This is the News in Brief from the United Nations.
The head of the UN health agency, Tedros Adhanom Ghebreyesus, said on Monday that COVID-19 is still a global health threat and that now is not the time to declare the pandemic over.
Tedros’s decision is in line with the latest coronavirus Emergency Committee meeting last Friday at the World Health Organization (WHO) in Geneva.
It is three years to the week, since COVID-19 was declared a public health emergency of international concern, after the initial outbreak in Wuhan, China.
The WHO Director-General said that although the world is in a better position than a year ago, when Omicron infections surged, more than 170,000 COVID-19-related deaths have been reported globally, in just the last eight weeks.
Tedros noted once again that surveillance and genetic sequencing of the coronavirus have declined globally, making it more difficult to track known variants and detect new ones.
He warned that health systems continue to struggle to treat a high number of COVID-19 patients and others with influenza and respiratory infections, amid staff shortages and health worker burnout.
The UN health agency chief also insisted that vaccines, therapeutics and diagnostics remain critical in preventing severe disease, saving lives and taking the pressure off health systems and health workers globally.
Despite their proven worth, Tedros said that the COVID-19 response remains “hobbled” in too many countries that are unable to provide these tools to the populations most in need, older people and health workers.
Globally, there have been more than 752.5 million confirmed cases of COVID-19, including 6.8 million deaths, reported to WHO. More than 13 billion vaccine doses have been administered.
WHO calls for more urgency to tackle neglected tropical diseases
Staying with the World Health Organization, which on Monday called for continued progress against neglected tropical diseases, that continue to disproportionately affect poor communities.
A new report from the UN health agency indicated that just 16 countries accounted for 80 per cent of all cases of neglected tropical sickness in 2021.
The category includes around 20 conditions that are caused by a variety of pathogens including viruses, bacteria, parasites, fungi and toxins.
“These diseases cause devastating health, social and economic consequences, and when they aren’t deadly, they very often cause life-long social stigma and consequent economic hardship,” WHO said.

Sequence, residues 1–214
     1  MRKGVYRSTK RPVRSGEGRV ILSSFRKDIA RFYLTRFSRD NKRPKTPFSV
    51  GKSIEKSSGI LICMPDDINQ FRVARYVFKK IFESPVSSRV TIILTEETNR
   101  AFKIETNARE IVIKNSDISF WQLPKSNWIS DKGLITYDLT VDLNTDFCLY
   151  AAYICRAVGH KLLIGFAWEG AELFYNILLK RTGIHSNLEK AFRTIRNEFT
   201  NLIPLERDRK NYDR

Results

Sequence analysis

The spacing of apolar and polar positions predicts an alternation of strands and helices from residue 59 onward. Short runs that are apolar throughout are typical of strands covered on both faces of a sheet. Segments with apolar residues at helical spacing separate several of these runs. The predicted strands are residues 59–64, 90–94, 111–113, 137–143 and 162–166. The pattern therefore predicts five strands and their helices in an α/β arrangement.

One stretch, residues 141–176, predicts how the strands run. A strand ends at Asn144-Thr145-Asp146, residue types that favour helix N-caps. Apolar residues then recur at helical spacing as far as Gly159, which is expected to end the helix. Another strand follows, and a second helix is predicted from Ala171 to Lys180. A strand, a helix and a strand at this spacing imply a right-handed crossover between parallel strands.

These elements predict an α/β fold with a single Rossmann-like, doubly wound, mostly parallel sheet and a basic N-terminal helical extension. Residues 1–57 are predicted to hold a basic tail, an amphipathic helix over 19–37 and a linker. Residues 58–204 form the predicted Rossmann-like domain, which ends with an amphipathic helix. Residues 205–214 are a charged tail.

Although 25 per cent fewer people required treatment for neglected tropical diseases in 2021 than a decade earlier, the UN health agency said that an estimated 1.6 billion people still fell sick, mainly in areas where water safety, sanitation and access to healthcare are inadequate.
Libya: human rights abuses must be addressed, says UN probe
To Libya, where top UN-appointed independent rights investigators have urged the authorities to share more information on mass graves and other serious crimes linked to the country’s civil war.
The UN Independent Fact-Finding Mission on Libya was established by the Human Rights Council in June 2020, to investigate alleged abuses of international human rights law and international humanitarian law committed in Libya since 2016.
The panel’s latest official visit to Libya which ended on Sunday heard testimony from victims’ relatives of extrajudicial killings, torture, arbitrary detention, enforced disappearances, human trafficking, internal displacement, the existence of mass burial sites, and morgues containing corpses that families cannot access.
In a statement, the investigators maintained that the State’s efforts to strengthen the rule of law “have not produced justice for the victims and their families”.
They also called for the immediate release of Iftikhar Boudra, who was detained in Benghazi four years ago, following critical comments she made on social media about militarization in eastern Libya.
Ms. Boudra is reportedly critically ill and her relatives say that they have not been allowed to visit her for months.
Daniel Johnson, UN News.